MONTGOMERY, AL (WSFA) - It's a quiet start to our new workweek; besides a few areas of patchy fog, many towns across the state woke up to dry and mild conditions. A lot of things are changing in our forecast as we head through the next couple of days... the way our week begins will be much different than the way it looks to end...
Monday: With mostly clear skies and southerly flow, temperatures this morning in the 60s will quickly rise as we head through the afternoon. Highs today will run well above average for the middle of October... seasonable temperatures for this time of year are usually run in the upper 70s; today, we are dealing with highs climbing into the upper 80s. Although that's a good 10° above normal, no record temperatures look to be in jeopardy of being broken.
More of the same for midweek: By tomorrow an upper ridge helps to reinforce the current dry and warm weather pattern. Mostly sunny skies will heat temperatures up into the upper 80s easily with a few spots flirting with 90° easily.
As southerly flow helps build our atmosphere's moisture back up, a rogue shower by Wednesday isn't completely out of the question. By now you know our state is in desperate need for some rain to help with our current drought conditions; many of us won't be dealing with a good chance of rain until Thursday... by then, a trough with begin to approach the Southeast, bringing with it a chance of rain to parts of central Alabama.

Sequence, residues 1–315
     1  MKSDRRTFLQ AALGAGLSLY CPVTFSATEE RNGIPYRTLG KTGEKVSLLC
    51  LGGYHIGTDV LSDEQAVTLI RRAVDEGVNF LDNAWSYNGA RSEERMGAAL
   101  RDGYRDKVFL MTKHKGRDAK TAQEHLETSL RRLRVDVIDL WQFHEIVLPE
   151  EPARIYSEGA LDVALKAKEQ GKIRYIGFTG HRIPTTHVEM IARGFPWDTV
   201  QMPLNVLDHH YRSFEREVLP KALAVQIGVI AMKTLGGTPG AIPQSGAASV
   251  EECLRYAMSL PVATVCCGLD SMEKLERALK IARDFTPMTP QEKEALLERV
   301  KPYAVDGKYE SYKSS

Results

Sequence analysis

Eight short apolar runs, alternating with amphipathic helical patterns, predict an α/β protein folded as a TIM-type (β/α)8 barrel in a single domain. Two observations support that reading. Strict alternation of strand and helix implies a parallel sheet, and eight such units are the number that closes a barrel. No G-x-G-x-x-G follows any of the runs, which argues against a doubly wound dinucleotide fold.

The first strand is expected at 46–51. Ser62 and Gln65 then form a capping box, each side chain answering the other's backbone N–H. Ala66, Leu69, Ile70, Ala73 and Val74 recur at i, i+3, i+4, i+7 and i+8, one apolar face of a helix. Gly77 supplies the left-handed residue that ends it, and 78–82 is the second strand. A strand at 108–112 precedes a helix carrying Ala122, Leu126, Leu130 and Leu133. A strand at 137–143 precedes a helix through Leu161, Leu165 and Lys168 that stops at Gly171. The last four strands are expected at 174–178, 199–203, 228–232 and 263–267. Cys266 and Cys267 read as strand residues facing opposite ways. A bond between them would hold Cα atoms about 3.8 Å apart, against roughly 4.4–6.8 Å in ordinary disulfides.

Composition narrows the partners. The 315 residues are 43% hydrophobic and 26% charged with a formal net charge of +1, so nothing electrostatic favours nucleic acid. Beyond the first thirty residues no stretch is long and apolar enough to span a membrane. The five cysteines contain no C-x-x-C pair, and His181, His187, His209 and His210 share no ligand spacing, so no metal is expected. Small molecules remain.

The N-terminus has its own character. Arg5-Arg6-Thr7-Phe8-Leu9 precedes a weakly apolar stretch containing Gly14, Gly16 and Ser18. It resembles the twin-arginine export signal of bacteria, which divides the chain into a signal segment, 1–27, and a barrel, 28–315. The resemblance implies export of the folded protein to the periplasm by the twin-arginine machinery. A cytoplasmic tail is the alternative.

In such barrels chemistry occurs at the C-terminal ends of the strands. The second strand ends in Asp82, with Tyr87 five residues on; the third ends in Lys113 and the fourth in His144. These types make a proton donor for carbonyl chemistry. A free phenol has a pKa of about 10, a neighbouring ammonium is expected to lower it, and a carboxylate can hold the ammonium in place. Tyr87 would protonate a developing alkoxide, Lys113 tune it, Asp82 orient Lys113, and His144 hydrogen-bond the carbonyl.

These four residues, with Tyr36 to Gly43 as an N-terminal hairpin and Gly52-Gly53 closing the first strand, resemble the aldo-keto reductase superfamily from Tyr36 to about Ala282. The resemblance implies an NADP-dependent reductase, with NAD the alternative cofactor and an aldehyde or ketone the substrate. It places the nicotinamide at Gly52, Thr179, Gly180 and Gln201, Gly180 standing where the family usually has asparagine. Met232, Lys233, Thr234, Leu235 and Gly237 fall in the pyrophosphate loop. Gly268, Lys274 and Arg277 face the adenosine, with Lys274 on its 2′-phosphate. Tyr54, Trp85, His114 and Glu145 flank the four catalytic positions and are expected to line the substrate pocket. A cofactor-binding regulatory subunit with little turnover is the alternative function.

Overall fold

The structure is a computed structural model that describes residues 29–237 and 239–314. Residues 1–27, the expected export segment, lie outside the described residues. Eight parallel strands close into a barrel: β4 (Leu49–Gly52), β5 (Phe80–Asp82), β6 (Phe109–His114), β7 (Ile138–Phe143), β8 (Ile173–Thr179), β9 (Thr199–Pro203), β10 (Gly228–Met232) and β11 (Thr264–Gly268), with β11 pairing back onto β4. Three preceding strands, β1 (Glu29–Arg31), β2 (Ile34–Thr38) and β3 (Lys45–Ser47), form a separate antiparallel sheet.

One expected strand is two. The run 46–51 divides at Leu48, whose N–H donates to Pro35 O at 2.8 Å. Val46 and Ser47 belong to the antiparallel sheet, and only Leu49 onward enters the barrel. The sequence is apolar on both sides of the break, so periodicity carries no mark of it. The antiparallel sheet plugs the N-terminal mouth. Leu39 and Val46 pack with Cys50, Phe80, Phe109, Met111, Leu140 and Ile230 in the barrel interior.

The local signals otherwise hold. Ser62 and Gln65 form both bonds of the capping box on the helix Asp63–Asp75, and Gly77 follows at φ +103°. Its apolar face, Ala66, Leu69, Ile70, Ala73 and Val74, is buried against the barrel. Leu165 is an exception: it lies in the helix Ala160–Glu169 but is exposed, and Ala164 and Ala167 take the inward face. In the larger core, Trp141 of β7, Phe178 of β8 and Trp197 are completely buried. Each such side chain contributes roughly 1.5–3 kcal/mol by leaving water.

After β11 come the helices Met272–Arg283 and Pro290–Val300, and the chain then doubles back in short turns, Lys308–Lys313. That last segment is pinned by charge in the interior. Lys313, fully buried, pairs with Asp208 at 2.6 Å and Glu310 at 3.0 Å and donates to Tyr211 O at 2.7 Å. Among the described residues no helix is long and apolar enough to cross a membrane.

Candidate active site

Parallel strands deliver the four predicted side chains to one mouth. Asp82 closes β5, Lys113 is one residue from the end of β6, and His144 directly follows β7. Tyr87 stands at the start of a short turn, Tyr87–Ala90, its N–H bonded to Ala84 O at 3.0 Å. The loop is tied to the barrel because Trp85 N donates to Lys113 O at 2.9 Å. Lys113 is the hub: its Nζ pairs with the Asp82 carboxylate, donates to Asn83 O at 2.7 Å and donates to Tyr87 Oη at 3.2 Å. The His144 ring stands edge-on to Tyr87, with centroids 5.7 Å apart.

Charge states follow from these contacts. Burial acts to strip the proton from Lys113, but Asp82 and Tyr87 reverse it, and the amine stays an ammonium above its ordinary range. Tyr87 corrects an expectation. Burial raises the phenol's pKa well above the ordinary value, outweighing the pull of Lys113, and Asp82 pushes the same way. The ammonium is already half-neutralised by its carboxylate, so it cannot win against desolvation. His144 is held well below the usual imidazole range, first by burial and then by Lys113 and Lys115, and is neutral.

Late week cold front: We have seen some cold fronts move through the region recently, but not many have had the moisture necessary to produce rain. Now, with dewpoints rising ahead of our next front, odds are a few showers will likely pop up across the area. So what's the problem?
Well, if you would have asked 24 hours ago when our next *rain producing* cold front would arrive and how long it would stick around, computer models were all in pretty good agreement... now there is some difference of opinion. Some model guidance says this front is a quick move through the area with minimal impacts (lower rainfall amounts, smaller area of coverage, etc.) while some other models are having this boundary hang out a little bit longer (more moisture builds ahead of the front meaning better coverage and accumulation). Which one is correct right now is still up for debate, but have no fear: we will continue to fine tune the details as more data comes in.
As of this morning, I would tend to lean towards the more consistent computer models that keep this front moving through the area quickly. Timing looks to be later in the day Thursday with rain chances spilling over into the evening Thursday and day on Friday. Overall coverage is not overwhelming (20 to 30 percent) but it's a step in the right direction. Also, a step in the right direction is the cool area that follows: more seasonable temperatures will build in behind the front and they look to stick around through at least Sunday.